These are Some of the Many Things I Don’t Know

Usually when I write about being a self-taught artist, I write about the lessons I’ve learned along the way. This time around, I’d like to share some of the issues I’m still fuzzy on, despite having been aware of them and having pondered them a bit here and there, for quite some time. Maybe my gentle readers have found their own answers to these questions or maybe the process of writing about it will help clarify my own thoughts on these matters, as so often happens.

How do I decide which opportunities to pursue?

I feel that, as an artist, there’s a certain amount of responsibility to throw myself into every opportunity which arises, because they are scarce and precious and beggars can’t be choosers. The most positive, optimistic voice in my head says, “who knows what other, more exciting opportunities will spring from this or what relationships you may form”. And that is alluring and I do yearn for community but I have mis-givings; is it the “right” direction for me?

I used to think a reliable rule was, “don’t do it if it doesn’t excite you”. Except this still poses the same problem. My excitement levels aren’t necessarily a good predictor of where an opportunity could lead.

What are my goals as an artist/what does success mean to me?

Before I opened my Etsy shop, I had a little to do item on my list that read “define what success means to me”. As if that sort of question is just a thing on a list I could tick off. One of my favourite authors, Neil Gaiman has some advice:

“Think of your goals as a mountain and when opportunities arise, ask if it gets you closer to the mountain.”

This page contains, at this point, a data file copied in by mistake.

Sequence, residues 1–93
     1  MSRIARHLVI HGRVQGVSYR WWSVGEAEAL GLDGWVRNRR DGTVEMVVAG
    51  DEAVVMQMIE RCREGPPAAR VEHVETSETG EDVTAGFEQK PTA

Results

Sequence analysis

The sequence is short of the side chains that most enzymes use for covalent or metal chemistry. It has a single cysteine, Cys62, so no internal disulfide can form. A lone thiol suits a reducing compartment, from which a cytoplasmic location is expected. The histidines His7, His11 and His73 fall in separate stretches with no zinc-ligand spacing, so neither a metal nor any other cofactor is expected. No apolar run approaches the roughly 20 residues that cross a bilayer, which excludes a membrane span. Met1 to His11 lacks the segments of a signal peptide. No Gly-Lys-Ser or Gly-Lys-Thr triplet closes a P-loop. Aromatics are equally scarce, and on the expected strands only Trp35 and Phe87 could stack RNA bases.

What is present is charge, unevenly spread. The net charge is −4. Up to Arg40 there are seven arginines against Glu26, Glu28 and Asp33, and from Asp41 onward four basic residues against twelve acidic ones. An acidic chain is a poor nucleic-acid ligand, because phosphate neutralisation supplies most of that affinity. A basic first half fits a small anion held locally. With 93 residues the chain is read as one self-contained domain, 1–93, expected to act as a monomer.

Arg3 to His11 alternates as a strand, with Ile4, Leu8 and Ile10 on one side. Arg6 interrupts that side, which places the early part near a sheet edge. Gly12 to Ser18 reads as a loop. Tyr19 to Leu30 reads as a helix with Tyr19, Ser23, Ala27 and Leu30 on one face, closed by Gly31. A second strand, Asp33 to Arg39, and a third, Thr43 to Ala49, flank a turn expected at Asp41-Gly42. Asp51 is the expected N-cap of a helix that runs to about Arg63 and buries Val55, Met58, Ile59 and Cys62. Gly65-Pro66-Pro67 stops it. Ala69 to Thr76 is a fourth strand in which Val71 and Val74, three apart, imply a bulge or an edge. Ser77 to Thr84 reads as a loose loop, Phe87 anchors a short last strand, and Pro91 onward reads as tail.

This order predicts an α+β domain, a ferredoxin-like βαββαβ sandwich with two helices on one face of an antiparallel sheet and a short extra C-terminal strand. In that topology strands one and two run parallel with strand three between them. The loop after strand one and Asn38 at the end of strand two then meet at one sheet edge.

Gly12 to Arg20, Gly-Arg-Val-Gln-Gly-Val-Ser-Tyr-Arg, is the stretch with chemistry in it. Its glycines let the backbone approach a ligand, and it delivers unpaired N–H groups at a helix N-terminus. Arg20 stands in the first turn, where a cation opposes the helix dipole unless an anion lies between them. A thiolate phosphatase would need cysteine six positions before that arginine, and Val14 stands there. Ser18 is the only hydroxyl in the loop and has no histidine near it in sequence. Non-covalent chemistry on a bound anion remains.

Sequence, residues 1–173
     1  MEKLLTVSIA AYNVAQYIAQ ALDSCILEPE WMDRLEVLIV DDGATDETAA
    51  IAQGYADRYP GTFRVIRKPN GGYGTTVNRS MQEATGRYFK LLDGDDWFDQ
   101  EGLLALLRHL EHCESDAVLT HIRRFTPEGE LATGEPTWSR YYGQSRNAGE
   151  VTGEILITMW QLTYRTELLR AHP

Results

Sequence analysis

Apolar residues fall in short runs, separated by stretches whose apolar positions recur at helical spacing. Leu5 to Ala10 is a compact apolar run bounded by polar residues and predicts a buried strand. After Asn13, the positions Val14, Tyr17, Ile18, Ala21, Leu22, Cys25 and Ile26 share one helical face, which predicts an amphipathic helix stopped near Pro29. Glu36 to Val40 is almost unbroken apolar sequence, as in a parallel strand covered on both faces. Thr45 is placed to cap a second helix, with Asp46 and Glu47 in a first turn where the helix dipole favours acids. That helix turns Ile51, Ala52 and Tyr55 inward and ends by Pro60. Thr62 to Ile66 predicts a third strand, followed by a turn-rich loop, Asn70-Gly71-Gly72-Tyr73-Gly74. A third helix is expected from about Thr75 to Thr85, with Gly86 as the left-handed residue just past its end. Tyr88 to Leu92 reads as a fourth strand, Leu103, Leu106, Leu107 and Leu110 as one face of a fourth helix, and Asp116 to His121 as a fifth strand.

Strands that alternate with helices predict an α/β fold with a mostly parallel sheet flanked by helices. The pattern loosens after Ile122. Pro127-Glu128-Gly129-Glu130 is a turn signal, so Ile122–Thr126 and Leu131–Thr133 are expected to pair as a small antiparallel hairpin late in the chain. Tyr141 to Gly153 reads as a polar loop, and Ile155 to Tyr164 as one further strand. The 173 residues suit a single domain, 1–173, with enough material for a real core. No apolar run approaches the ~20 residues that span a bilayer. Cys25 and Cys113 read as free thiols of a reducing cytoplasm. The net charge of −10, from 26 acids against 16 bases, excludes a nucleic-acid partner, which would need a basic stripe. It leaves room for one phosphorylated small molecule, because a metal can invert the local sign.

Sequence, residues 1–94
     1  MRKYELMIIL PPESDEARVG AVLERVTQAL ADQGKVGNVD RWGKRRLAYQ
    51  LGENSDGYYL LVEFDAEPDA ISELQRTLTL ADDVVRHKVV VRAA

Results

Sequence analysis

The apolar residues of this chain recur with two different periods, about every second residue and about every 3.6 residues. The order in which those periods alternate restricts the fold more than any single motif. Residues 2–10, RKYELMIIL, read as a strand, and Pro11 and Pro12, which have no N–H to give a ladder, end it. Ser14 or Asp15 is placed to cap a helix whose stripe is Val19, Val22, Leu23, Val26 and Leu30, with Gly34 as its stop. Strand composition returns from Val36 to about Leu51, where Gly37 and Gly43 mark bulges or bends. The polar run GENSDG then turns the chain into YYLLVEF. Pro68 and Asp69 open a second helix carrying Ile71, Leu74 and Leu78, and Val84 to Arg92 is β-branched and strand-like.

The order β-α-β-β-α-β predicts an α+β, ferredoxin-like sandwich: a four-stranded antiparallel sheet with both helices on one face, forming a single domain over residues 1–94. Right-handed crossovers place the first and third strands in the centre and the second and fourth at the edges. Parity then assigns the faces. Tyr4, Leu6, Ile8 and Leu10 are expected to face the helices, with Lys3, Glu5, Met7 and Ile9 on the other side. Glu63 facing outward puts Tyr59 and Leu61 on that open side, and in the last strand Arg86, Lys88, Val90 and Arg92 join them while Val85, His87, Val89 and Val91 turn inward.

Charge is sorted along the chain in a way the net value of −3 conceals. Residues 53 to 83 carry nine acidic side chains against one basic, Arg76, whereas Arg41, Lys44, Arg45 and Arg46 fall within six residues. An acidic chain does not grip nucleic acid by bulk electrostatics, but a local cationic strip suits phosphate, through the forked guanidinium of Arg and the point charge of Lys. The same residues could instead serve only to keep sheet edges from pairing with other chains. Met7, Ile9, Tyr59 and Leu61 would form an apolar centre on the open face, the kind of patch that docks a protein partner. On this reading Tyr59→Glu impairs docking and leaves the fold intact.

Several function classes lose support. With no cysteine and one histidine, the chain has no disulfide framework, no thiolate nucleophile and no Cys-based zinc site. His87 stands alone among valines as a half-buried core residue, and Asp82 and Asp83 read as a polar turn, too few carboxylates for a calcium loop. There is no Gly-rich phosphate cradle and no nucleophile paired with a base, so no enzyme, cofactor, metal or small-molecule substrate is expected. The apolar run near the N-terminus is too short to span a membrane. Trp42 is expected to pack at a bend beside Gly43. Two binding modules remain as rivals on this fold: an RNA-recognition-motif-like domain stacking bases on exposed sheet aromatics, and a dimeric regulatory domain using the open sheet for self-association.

That would be a very neat solution to conundrum #1, only I don’t know what my goals are beyond, “make art I adore and share it with people”. Seriously, that’s all I’ve got.

The paradox of caring and not caring what other people think of my work

I do these two things at the same time. What’s that about? I seem to be able to not care what people think of my work due to a deep belief that I am capable of producing work that is superior to anything I’ve yet created. They just haven’t seen my best work yet.

And yet, I love it when I get positive feedback about my work. Also, I suspect I wouldn’t much like the type of person who is unmoved by genuine praise. After all, complete apathy towards other people’s regard of oneself is a symptom of psychopathy.

These are just some of the many thing I don’t know.

2 Comments These are Some of the Many Things I Don’t Know

  1. birdie

    I’m ‘self taught’ too, but having attended half of a foundation degree and having known plenty of fine art grads who are ‘trained’ they all have exactly the same experiences/thoughts. The only thing they do tell you in art school is to grab every opportunity to show etc, because you never know where it may lead. Personally I have one caveat when making choices about opportunities and that is that whatever they are, they must be in line with my personal values. I would not, for example enter a show sponsored by companies who destroy the environment.

    Im not sure why you are concerned about the last one. Isn’t this utterly normal? Healthy even? We need a cetain amount of faith in our abilities to proceed, but who doesn’t enjoy a genuine compliment? We all need a positive mirror,that’s part of our psychological make up and essential to our mental health and stability. Like you say,I wouldn’t want to be around anyone who did not care for others opinions!

    Reply
    1. Katherine

      Birdie, thank you Thank You for passing on the advice to take every opportunity to show one’s work. I’ve now entered my first art competition :)

      As to the last point, I guess I’m worried where it could lead (caring too much, that is). For example, it’s occurred to me that I may not even be a finalist in the local art competition I’ve entered and if I care too much about that it could crush me.

      Reply

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